Postnatal Depression Causes
It is a common form of depression which affects around one in six women after they have given birth. However, postnatal depression (PND) often remains undiagnosed with only one in four cases diagnosed and treated. In this article we will talk about what causes this depression.
Stressful life events
Recent Stresses: When these occur in close proximity to pregnancy or childbirth they can add to stress levels.
The experience of a major life event within the past twelve months is a common cause of stress leading to depression. Examples include: the death of a family member or close friend, loss of employment, migration or relocation away from family and friends, a major illness and relationship problems. These are more likely to trigger an episode of the non-melancholic subtype of depression.
The events that are most likely to trigger depression are ones where the individual’s self-esteem is put at risk, compromised or devalued. For most adults, self-esteem is closely linked to an intimate relationship as well as other important areas such as their job. The break-up of a relationship or the loss of a job because of a pregnancy are common triggers for depression
Other individuals develop depression when they feel a sense of ‘shame’ such as when they feel they have not lived up to their own or others expectations. Feelings of being an inadequate mother are often ‘shame-based’ and due to self-critical thought patterns learned during childhood, often from one’s own parents.
Past and chronic stress: There is evidence to show that growing up in an abusive or uncaring family, or exposure to physical, sexual, or emotional abuse can lead to low self-esteem, patterns of social avoidance, and vulnerability to depression in later life.
These experiences can lead to heightened distress or feelings of increased vulnerability in the face of subsequent stressful life events. Childbirth itself can trigger memories of past events that involved pain or distress including physical or sexual abuse.
The Need for Attention
A new mum needs to be able to exchange attention with her child but can feel this is a one way deal – she doesn’t get enough attention in return, or the attention she receives is not the sort she may have been expecting. This will inhibit the essential bonding that needs to happen if the child is to flourish.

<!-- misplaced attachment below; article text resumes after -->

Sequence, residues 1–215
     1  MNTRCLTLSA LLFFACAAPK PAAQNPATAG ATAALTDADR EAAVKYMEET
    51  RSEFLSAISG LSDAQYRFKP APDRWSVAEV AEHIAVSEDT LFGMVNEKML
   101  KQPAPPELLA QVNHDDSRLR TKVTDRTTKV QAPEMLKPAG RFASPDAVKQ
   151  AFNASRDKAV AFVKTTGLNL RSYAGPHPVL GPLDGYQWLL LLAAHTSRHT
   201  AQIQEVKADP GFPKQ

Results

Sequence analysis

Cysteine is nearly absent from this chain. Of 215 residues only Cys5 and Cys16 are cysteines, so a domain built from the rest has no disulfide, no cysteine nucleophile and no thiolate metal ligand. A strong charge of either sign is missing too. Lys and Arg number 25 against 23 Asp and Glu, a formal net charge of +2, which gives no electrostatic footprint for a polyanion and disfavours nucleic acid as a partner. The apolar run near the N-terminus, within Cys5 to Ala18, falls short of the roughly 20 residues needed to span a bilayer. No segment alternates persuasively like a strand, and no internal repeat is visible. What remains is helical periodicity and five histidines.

Connection to the Community
Ideally, a mother needs connection with family, friends, and other young mums in her community. They can give her the emotional support she needs to feel confident caring for her baby. If she feels incompetent, however, and is experiencing difficulties in adapting to motherhood, this will undermine natural feelings of self-worth. Single mothers who are on their own are far more likely to suffer from postnatal depression. As she enters motherhood she needs the security of a family unit around her and friends to help them out to reduce the likelihood of developing a severe low mood that could cause postnatal depression.
The Need to Feel Competent
The feelings she is having because of hormonal changes may cause frequent crying for no obvious reason. She may be unprepared for the arrival of the baby and feel out of her depth when realising the extent of the responsibility she now has, caring for her new born. Unanticipated difficulties around breast-feeding can undermine her sense of achievement and competence, as can difficulties around concentrating and making reasonable decisions, which is always a problem when one is emotional.
Biological Risk Factors
Level of many hormones , including the sex hormones testosterone and estrogen, the stress hormone cortisol, and bonding hormones such as vasopressin and prolactin, fluctuate during the postpartum period. These may contribute to the risk of PND. Reduced testosterone helps to develop a lower aggression level and a greater infant-father bonding, bringing about a greater nurturing response in fathers. However, low testosterone levels are associated with depression in men.
Environmental Risk Factors
The presence of depression in the mother is consistently linked to a 2.5 fold increase in the rate of depression in fathers 6 weeks after childbirth. This is the most closely associated risk factor, and men whose wives suffer from PND have a 24 to 50 percent incidence of depression themselves.
Other factors include:
The need to earn more to provide for a new baby and possibly a depressed or sick wife
Lack of sleep
Loss of free time for recreation, family dates, and building relationships with the partner
Stress from having to care for sick or fussy babies
Fear of inadvertently harming the baby
Fear about the baby’s health
Lack of social support
Lack of know-how with respect to baby care
Increased need to help out at home
Heightened levels of discomfort, pain, stress and anxiety during labour and childbirth are normal especially the first time a woman gives birth. However childbirth-related stress levels can be heightened after: delivery of a very preterm or sick baby; an emergency delivery; a long and painful labour and birth perhaps including instruments to aid in the delivery; birth of a baby that is slow to breathe or has an abnormal appearance. It is the way the mother experiences the labour and birth that determines whether it is stressful for her, rather than the way the partner or the doctor perceives the process.